Johnson and Scholes (Exploring Corporate Strategy) define strategy as follows: "Strategy is the direction and scope of an organisation over the long-term: which achieves advantage for the organisation through its configuration of resources within a challenging environment, to meet the needs of markets and to fulfil stakeholder expectations". In other words, strategy is about:
* Where is the business trying to get to in the long-term (direction) * Which markets should a business compete in and what kind of activities are involved in such markets? (markets; scope) * How can the business perform better than the competition in those markets? (advantage)? * What resources (skills, assets, finance, relationships, technical competence, facilities) are required in order to be able to compete? (resources)? * What external, environmental factors affect the businesses' ability to compete? (environment)? * What are the values and expectations of those who have power in and around the business? (stakeholders)
Organizations undertake strategic planning to define the direction in which they want to proceed. Management first identifies the company's long-term goals and vision and then devises strategies to attain them. Before an organization draws up its strategic plans, it first understands the external and internal environments it operates in. A well-drawn strategic plan does well for at least five to seven years. Continuous monitoring is required to see that no deviations creep up.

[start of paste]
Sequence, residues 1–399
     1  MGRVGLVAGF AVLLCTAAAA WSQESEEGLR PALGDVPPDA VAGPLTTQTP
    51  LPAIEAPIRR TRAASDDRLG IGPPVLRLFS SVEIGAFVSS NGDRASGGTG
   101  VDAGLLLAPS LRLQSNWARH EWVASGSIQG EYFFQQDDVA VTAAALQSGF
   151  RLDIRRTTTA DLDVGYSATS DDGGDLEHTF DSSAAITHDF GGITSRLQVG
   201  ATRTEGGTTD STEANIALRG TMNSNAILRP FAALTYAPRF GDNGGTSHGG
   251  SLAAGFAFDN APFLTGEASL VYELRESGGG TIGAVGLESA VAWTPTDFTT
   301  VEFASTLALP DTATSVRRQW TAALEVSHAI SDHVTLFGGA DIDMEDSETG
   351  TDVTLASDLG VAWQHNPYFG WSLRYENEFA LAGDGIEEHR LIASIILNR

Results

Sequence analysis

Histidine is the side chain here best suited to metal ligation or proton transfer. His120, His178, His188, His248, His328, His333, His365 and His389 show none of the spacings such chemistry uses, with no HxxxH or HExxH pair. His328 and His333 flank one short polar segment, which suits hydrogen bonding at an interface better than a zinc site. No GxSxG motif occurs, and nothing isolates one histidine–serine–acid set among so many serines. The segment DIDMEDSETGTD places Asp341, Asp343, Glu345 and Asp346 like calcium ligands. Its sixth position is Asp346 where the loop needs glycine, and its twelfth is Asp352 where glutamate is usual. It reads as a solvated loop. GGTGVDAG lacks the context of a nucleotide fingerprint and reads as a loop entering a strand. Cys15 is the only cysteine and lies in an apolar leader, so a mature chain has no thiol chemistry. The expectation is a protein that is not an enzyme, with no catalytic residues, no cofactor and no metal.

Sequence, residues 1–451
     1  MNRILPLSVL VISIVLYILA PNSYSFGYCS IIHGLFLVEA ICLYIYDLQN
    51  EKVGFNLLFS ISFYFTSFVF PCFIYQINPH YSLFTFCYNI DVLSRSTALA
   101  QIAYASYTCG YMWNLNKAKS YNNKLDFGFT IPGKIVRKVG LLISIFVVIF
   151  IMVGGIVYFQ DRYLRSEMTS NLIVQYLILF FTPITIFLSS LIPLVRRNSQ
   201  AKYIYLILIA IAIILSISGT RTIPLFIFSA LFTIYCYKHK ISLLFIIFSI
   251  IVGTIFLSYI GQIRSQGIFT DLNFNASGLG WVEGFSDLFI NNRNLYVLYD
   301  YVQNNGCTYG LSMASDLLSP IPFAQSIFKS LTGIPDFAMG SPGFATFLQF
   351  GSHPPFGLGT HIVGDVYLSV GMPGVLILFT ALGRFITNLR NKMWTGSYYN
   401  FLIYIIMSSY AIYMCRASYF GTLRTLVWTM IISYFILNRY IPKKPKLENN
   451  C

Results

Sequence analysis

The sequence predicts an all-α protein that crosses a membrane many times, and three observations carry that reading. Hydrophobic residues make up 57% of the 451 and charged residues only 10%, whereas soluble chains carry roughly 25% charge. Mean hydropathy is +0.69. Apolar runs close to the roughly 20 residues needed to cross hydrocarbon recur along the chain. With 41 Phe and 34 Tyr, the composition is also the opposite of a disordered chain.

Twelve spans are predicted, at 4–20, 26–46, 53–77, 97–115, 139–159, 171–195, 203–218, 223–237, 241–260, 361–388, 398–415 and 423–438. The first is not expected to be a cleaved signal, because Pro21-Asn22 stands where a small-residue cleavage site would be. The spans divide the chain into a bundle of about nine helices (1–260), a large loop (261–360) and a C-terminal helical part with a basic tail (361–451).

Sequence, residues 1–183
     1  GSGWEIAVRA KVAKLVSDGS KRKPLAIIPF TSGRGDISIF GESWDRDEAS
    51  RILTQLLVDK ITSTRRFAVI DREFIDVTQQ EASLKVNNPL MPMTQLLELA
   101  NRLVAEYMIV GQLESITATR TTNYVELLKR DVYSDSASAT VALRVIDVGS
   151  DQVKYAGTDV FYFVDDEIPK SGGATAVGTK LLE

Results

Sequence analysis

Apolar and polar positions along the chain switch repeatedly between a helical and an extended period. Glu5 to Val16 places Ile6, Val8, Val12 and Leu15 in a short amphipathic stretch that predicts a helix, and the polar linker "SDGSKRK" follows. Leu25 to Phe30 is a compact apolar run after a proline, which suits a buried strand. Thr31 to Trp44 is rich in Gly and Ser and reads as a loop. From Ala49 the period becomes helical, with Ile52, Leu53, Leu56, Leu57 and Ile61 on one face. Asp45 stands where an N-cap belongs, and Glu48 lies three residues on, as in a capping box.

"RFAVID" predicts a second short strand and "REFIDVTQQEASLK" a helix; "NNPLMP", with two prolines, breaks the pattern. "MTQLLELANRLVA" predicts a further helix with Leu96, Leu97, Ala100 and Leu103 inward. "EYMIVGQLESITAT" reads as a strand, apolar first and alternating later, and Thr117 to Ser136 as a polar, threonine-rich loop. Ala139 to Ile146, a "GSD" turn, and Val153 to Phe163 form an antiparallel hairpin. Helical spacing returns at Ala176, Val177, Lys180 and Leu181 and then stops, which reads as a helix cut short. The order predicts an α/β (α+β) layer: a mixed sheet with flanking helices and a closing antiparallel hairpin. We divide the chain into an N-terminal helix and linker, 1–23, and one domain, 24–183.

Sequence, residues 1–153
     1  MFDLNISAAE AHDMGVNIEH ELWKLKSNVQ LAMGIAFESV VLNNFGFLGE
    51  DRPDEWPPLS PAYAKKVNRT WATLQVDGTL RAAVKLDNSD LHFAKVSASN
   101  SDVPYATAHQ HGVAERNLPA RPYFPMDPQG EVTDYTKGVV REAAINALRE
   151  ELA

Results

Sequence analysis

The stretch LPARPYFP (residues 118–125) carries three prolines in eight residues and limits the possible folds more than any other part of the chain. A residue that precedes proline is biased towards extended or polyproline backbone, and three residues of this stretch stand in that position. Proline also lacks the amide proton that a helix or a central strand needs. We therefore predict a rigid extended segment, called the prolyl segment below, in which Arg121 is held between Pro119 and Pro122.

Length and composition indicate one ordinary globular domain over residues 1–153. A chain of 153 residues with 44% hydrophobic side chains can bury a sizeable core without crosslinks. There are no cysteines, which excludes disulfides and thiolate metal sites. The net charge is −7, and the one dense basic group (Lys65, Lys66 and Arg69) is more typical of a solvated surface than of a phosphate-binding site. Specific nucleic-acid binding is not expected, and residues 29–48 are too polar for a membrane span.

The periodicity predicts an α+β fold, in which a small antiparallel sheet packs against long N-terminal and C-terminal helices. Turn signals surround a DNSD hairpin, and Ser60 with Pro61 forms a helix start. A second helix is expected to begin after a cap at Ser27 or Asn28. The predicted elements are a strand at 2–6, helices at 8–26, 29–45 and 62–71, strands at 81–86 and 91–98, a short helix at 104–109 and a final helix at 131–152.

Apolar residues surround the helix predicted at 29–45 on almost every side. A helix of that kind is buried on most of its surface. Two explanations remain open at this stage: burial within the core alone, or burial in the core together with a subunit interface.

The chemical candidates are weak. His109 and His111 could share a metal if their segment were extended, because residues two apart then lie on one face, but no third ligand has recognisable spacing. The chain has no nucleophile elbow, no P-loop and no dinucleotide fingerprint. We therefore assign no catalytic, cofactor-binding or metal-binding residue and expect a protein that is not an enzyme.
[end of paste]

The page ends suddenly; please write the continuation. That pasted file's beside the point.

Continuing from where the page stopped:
Strategic plans always are documented on paper so that management can refer to them from time to time. There are several benefits of this typing of planning mechanism.
Strategic plans let managers know the direction in which they are proceeding. Management is able to decide on what product it will manufacture in the future. Management makes this decision after considering factors such as the current market scenario, the firm's...